The idea of “10.000 hours” was made popular by Malcolm Gladwell in his book Outliers. Gladwell is a wonderful writer, but he’s a science journalist not a scientist. The research he drew from to make this point was actually done by Dr. K. Anders Ericsson, a professor of Psychology at Florida State University. Curiously, Gladwell’s popularization of the concept seems to have annoyed Dr. Ericsson considerably. Although researchers like myself in the general field felt that Ericsson should get the credit for the core idea, on his website, he posted a fairly long rant essentially denying the idea was his and insisting he not be cited as the source of the idea.
Practice vs. Deliberate Practice
The problem with the popularization of the “10.000 hours” idea is that the research Dr. Ericsson was doing was focused on differences in achievement after 10.000 hours of practice. He was studying expert musicians who had all put in 10.000 hours of practice but some seemed to be performing at a clearly higher level than others. The core theoretical idea he was advancing was the importance of “deliberate practice” which reflects what you actually did during those 10.000 hours. He was specifically arguing against the idea that simply hammering away for 10.000 hours would make you best in the world.
It's been 10.000 hours, am I an expert yet? Credit: Marius Mann
Instead, you had to practice in a focused, structured, way, perhaps with help from high-level coaches, trainers and instructors. The popularization of the idea generally doesn’t discuss that idea, so I suppose you can see why Dr. Ericsson was unhappy with Gladwell’s description (note to Gladwell, Michael Lewis or any other really talented science writer – if you would like to make any of my scientific work really famous, even with some slight mis-description or unexpected emphasis, please go right ahead. Or call me, really, anytime).
Again, for gamers, the idea of deliberate practice is very intuitive. I have a lot of hours in Dota 2 - in fact my Steam interface report currently has me at over 10k hours playtime, and I’m completely terrible at the game. Maybe it’s partly because I’m old, but I’m pretty sure I haven’t approached learning the game properly either.
The interesting question for both gamers and scientists is figuring out what the best kind of deliberate practice is for the game you want to get good at. The real limitation of Ericsson’s deliberate practice theory is that it doesn’t tell us what it is. For Dota 2, better players always tell me to get better at last-hitting creeps. I remember watching talented players streaming last-hitting practice with really low damage heroes (or even creeps) and I can’t do that. However, I’m also pretty sure I need more than that, but I’m not sure what it would be.
If you are trying to figure out what deliberate practice is for the game you are playing, remember that it is generally not just spamming public matches. You can see examples in other areas that people become expert. In any athletic (physical) sport, there are always specialized drills to hone specific skills. Musicians practice scales and training pieces. Back when I played chess, the good players told me to study endgames more. Dr. Ericsson’s group just published an interesting analysis of Scrabble players focused on the deliberate practice approach of memorizing all the short allowable words in the dictionary (e.g., up to 4 or even 5 letters). In each case, a specific subpart of the game is selected out and trained intensively.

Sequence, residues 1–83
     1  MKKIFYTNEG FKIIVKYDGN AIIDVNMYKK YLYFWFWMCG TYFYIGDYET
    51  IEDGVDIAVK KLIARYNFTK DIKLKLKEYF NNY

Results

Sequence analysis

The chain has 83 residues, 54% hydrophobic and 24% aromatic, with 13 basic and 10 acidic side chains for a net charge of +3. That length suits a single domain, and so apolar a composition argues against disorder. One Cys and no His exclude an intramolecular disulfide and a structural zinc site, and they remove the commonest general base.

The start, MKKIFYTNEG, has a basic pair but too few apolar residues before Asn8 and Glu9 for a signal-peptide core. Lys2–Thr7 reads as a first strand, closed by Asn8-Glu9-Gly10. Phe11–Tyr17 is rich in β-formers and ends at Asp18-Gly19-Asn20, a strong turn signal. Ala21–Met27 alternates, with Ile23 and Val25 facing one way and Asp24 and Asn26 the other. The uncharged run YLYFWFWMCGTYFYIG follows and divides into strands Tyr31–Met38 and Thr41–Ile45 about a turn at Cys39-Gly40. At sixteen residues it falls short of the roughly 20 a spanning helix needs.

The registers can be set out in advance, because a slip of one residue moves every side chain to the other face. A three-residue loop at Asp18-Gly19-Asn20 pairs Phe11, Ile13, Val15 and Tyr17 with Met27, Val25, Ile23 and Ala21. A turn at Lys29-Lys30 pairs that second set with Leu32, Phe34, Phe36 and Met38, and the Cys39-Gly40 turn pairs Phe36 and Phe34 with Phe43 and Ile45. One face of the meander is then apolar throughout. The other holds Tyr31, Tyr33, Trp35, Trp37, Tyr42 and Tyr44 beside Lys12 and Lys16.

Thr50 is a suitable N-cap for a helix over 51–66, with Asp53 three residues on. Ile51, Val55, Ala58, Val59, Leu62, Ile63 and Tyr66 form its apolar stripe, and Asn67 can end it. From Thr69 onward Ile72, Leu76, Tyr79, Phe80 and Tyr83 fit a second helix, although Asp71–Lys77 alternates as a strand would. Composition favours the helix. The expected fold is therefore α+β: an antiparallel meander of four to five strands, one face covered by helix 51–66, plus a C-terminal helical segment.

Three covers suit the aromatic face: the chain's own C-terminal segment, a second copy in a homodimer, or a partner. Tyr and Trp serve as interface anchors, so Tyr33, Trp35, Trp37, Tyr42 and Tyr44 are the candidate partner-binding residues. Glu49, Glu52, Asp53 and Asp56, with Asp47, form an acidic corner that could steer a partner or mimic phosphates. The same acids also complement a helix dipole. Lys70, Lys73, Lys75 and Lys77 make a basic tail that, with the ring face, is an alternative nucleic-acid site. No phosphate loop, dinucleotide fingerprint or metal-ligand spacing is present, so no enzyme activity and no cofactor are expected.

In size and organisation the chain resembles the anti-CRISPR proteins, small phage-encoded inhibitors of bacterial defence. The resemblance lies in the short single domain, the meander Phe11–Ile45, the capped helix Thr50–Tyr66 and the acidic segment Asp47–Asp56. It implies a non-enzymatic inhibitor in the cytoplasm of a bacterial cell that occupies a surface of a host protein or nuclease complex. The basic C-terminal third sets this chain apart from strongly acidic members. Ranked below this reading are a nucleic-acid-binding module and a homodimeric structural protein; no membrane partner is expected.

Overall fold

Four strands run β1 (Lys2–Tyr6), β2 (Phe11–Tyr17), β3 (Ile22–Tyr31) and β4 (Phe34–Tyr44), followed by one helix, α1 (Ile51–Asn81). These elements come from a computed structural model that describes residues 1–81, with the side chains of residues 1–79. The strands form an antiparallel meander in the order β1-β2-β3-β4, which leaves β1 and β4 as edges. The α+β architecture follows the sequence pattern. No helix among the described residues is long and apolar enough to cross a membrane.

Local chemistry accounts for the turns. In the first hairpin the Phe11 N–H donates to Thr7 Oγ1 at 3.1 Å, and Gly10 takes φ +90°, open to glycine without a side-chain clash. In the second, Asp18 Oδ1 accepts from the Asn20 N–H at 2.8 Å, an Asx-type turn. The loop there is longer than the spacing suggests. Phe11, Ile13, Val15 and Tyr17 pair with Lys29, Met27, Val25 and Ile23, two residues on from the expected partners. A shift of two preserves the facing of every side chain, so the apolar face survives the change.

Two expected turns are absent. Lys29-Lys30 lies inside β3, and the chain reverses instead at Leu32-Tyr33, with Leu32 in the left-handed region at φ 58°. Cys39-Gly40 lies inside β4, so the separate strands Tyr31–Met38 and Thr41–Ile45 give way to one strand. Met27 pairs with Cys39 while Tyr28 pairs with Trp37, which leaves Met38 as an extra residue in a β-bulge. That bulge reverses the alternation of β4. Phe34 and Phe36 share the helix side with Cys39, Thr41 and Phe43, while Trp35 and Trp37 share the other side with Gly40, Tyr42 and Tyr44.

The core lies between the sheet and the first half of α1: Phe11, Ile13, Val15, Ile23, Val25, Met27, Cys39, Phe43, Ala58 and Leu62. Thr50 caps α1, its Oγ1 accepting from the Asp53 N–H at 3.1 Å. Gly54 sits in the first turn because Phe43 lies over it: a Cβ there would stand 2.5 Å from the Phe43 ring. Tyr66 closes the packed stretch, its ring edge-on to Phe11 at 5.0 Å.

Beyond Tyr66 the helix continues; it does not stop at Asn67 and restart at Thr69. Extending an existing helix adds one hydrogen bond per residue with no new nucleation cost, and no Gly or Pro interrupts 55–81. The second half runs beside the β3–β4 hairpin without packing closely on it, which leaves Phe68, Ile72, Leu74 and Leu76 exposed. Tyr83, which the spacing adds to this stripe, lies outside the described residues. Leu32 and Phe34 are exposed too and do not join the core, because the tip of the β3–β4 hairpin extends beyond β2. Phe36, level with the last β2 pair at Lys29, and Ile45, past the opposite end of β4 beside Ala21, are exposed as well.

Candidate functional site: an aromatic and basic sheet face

Figuring out what the right deliberate practice is for your video game of choice will probably help a lot. My son who plays Overwatch well spends a fair amount of time in ‘headshot only’ custom maps to hone his aim. A graduate student in our department who is expert in Super Smash Bros talks about ‘frame analysis.’ Back in the day, I remember hearing about StarCraft/SC2 players who trained on the game Osu to get their APM up to speed.
Whatever you are playing and trying to get good at, there’s something outside the main game but related you should probably be training on. To get better, you can probably learn from players who are better than you not just in game, but by finding out what they are doing for deliberate practice that isn’t just playing. The problem, of course, is that training is less fun than playing, so if you are like me, you might just end up just playing Dota 2 for fun, missing those last hits and generally playing like some strangely highly experienced noob.
So let that be a lesson to all you ambitious youngsters out there: it’s not just 10.000 hours but what you do with them.
Spend them poorly and you’ll end up a 10,000-hour-bad like me. I should really go launch Demo Mode and hit some creeps right now – but you know I’m going to just go pound the Play Dota button and just embarrass myself as usual.